What is the pathophysiology of acoustic neuromas?

Updated: Apr 28, 2020
  • Author: Joe Walter Kutz, Jr, MD, FACS; Chief Editor: Arlen D Meyers, MD, MBA  more...
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Answer

The vast majority of acoustic neuromas develop from the Schwann cell investment of the vestibular portion of the vestibulocochlear nerve. Less than 5% arise from the cochlear nerve. The superior and inferior vestibular nerves appear to be the nerves of origin with about equal frequency. Overall, 3 separate growth patterns can be distinguished within acoustic tumors, as follows: (1) no growth or very slow growth, (2) slow growth (ie, 0.2 cm/y on imaging studies), and (3) fast growth (ie, ≥ 1.0 cm/y on imaging studies). Although most acoustic neuromas grow slowly, some grow quite quickly and can double in volume within 6 months to a year.

Although some tumors adhere to one or another of these growth patterns, others appear to alternate between periods of no or slow growth and rapid growth. Tumors that have undergone cystic degeneration (presumably because they have outgrown their blood supply) are sometimes capable of relatively rapid expansion because of enlargement of their cystic component. Because acoustic tumors arise from the investing Schwann cell, tumor growth generally compresses vestibular fibers on the surface. Destruction of vestibular fibers is slow; consequently, many patients experience little or no disequilibrium or vertigo. Once the tumor has grown sufficiently large to fill the internal auditory canal, it may continue growth either by expanding bone or by extending into the cerebellopontine angle. Growth within the cerebellopontine angle is generally spherical.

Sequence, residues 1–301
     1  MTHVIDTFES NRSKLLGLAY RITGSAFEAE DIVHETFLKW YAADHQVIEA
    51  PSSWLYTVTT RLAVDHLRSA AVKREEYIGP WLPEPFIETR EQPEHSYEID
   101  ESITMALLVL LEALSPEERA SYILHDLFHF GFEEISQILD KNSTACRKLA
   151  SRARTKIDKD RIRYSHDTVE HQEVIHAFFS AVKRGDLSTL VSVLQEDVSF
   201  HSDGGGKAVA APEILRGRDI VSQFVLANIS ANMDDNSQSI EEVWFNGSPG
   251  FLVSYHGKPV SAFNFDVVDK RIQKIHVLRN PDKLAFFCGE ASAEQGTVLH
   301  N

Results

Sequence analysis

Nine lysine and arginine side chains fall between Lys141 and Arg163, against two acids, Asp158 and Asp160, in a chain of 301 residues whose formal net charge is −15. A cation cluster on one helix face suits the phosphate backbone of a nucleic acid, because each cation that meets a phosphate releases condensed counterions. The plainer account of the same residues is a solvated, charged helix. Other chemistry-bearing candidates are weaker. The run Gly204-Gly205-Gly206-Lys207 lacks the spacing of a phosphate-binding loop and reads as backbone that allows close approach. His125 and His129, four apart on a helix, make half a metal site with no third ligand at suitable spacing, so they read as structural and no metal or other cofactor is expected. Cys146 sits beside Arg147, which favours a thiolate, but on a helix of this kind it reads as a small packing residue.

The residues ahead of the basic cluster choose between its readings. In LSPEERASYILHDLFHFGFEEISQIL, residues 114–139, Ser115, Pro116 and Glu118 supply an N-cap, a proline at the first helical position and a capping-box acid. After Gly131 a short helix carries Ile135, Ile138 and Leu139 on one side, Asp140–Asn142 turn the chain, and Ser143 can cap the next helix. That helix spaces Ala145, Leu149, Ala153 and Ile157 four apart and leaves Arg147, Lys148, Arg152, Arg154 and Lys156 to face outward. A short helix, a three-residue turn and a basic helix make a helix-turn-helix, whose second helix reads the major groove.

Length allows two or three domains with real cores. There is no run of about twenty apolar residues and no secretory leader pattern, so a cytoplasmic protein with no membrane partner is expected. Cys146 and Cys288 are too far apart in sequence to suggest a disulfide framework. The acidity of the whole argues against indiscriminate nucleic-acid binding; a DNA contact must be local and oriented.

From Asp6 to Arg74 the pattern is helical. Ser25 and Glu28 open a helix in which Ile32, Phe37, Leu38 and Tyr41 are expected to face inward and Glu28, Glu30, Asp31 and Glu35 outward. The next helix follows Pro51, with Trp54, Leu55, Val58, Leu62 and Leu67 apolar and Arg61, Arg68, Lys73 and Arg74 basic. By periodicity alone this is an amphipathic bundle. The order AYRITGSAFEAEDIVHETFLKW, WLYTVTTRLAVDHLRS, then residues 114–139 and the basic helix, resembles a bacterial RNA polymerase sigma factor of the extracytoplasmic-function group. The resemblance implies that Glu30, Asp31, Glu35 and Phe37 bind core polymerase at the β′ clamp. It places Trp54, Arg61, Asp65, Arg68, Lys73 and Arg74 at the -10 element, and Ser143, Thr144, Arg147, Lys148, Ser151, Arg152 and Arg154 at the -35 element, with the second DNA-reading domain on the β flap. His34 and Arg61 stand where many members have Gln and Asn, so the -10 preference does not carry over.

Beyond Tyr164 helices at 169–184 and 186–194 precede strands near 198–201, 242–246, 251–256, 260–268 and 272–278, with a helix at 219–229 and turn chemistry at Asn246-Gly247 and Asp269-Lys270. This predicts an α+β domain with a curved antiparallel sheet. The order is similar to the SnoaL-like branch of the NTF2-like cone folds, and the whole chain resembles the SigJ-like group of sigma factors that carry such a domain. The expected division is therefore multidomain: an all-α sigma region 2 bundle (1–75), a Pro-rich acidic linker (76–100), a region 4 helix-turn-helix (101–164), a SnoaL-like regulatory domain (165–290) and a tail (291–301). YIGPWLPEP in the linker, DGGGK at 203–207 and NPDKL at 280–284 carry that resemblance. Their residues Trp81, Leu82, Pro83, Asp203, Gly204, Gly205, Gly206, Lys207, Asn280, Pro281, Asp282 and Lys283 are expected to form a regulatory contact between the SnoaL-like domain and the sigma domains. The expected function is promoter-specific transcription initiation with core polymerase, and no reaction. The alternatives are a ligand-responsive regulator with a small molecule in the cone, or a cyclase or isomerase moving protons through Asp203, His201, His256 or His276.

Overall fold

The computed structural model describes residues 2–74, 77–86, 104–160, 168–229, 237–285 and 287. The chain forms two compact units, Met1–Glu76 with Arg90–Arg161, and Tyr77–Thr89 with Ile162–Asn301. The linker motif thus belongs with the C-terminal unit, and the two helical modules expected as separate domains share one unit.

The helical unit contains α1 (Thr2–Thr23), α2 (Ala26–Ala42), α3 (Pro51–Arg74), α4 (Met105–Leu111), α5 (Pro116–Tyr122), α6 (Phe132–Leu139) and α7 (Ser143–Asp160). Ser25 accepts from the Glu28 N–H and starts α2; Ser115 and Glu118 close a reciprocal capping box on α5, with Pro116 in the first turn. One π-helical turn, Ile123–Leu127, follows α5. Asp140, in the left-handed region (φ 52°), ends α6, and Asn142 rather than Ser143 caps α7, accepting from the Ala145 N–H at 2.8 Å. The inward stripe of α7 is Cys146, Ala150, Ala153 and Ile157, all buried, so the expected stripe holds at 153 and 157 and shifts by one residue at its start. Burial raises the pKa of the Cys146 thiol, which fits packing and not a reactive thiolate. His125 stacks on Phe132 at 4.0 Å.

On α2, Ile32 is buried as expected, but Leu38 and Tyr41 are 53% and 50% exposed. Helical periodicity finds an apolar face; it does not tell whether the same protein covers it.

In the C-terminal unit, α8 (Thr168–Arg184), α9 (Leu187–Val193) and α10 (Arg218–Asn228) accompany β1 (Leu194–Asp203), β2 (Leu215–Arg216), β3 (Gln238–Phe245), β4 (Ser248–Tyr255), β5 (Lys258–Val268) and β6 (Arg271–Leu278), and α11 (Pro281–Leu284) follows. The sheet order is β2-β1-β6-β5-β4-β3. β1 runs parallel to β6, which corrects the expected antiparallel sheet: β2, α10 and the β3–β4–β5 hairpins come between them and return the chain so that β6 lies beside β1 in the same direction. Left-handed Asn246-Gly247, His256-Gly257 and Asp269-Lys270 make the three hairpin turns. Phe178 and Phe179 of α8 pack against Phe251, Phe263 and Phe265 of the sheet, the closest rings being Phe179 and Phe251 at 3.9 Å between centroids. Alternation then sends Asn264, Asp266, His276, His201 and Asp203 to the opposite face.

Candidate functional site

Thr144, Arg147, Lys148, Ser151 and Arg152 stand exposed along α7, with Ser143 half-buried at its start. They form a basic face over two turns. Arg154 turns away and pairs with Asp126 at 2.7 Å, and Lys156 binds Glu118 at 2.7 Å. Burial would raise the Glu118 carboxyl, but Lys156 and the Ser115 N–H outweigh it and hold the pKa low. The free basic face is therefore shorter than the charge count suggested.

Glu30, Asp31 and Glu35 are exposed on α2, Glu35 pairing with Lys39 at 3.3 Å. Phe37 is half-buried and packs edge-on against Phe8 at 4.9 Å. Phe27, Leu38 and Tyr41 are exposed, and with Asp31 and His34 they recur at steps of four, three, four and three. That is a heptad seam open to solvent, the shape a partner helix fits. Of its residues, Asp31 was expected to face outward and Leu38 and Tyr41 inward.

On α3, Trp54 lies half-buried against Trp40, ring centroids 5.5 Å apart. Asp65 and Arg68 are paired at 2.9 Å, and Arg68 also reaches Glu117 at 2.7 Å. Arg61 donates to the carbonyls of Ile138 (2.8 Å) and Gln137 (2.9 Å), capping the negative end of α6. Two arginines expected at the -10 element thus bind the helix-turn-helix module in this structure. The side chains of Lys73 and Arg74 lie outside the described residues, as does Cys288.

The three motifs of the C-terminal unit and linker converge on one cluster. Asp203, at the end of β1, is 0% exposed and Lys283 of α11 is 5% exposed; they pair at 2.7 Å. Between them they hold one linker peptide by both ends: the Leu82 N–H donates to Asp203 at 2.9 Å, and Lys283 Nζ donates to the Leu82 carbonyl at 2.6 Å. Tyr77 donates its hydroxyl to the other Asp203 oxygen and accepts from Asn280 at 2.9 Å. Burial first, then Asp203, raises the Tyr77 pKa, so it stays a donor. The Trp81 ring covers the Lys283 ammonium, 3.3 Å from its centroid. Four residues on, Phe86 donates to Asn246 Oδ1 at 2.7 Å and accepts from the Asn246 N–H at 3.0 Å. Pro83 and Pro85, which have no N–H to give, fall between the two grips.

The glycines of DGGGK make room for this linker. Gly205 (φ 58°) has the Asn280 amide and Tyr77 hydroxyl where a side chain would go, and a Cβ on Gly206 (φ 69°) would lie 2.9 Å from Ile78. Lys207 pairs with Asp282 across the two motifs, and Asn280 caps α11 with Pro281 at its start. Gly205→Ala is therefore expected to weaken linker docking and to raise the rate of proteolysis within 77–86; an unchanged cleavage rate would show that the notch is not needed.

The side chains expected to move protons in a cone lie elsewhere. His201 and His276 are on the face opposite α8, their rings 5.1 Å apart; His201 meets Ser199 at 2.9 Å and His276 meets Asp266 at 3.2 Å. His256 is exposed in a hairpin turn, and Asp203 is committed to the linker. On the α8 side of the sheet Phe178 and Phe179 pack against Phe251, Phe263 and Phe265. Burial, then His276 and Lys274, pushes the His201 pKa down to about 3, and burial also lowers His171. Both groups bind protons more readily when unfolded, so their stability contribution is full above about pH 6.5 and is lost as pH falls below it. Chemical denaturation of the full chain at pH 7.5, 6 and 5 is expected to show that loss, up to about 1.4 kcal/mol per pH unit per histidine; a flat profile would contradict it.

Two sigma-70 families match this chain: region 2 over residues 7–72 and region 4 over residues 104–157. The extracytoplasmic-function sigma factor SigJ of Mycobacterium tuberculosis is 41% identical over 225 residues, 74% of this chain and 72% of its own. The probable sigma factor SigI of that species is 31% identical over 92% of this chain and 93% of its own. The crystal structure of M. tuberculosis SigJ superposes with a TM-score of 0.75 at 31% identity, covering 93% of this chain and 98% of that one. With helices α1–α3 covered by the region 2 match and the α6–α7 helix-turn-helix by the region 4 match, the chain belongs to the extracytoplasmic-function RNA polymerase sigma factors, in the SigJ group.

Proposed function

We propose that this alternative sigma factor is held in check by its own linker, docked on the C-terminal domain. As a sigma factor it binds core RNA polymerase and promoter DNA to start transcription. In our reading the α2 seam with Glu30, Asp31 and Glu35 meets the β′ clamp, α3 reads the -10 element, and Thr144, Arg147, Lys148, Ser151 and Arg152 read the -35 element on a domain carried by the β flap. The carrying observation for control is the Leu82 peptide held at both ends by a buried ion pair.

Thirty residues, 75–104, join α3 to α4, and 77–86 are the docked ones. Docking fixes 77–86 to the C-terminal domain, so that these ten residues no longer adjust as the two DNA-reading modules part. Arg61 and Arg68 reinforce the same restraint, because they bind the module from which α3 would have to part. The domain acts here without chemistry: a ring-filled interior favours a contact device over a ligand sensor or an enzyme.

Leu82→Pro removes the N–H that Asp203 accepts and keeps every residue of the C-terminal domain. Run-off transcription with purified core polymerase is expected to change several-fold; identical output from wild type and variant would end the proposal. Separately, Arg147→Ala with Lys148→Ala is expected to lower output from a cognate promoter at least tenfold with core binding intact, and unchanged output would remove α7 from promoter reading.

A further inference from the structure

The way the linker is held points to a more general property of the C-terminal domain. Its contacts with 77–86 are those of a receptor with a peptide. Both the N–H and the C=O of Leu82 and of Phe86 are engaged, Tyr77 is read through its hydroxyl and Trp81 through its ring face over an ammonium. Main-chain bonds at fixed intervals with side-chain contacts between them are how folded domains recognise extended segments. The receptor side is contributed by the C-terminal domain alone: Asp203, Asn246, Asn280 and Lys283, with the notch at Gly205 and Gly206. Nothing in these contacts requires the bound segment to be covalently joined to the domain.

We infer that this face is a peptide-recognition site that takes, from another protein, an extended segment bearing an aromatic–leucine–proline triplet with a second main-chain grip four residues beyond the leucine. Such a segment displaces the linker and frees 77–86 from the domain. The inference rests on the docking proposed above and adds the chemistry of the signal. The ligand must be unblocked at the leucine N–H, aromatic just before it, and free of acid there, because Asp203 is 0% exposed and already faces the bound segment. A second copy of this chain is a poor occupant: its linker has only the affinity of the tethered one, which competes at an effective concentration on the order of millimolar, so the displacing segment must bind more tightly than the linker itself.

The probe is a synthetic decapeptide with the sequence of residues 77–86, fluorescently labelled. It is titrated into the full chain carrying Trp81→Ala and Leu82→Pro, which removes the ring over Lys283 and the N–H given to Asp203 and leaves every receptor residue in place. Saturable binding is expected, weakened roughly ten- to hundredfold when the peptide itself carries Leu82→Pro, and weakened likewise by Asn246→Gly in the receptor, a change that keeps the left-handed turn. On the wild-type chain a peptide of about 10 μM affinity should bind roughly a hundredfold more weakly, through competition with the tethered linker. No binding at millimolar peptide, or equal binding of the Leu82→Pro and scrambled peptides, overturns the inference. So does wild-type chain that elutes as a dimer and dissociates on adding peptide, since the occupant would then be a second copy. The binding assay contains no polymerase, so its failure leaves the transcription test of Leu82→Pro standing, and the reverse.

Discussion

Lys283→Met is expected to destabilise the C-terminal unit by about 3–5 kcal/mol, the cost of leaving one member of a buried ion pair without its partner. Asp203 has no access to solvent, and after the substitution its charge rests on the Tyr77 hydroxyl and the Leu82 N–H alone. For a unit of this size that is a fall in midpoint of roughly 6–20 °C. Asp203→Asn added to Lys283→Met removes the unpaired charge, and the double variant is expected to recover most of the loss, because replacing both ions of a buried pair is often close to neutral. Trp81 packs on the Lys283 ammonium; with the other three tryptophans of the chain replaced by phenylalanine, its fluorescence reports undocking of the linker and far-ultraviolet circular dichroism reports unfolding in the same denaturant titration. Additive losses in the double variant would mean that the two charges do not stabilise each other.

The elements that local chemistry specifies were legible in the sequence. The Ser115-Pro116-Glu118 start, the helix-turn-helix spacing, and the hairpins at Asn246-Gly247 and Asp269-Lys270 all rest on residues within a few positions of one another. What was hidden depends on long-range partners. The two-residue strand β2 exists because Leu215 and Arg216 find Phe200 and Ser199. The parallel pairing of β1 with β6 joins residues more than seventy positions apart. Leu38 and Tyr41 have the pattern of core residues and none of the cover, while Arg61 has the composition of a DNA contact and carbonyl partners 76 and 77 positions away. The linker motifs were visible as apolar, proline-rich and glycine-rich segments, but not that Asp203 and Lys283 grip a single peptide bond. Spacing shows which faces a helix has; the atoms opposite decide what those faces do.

Acoustic tumors, like other space-occupying lesions, produce symptoms by any of 4 recognizable mechanisms: (1) compression or distortion of the spinal fluid spaces, (2) displacement of the brain stem, (3) compression of vessels producing ischemia or infarction, or (4) compression and/or attenuation of nerves.

Because the cerebellopontine angle is relatively empty, tumors can continue to grow until they reach 3-4 cm in size before they contact important structures. Growth is often sufficiently slow that the facial nerve can accommodate to the stretching imposed by tumor growth without clinically apparent deterioration of function. Tumors that arise within the internal auditory canal may produce relatively early symptoms in the form of hearing loss or vestibular disturbance by compressing the cochlear nerve, vestibular nerve, or labyrinthine artery against the bony walls of the internal auditory canal.

As the tumor approaches 2.0 cm in diameter, it begins to compress the lateral surface of the brain stem. Further growth can occur only by compressing or displacing the brain stem toward the contralateral side. Tumors greater than 4 cm often extend sufficiently far anteriorly to compress the trigeminal nerve and produce facial hypesthesia. As the tumor continues to grow beyond 4 cm, progressive effacement of the cerebral aqueduct and fourth ventricle occurs with eventual development of hydrocephalus.


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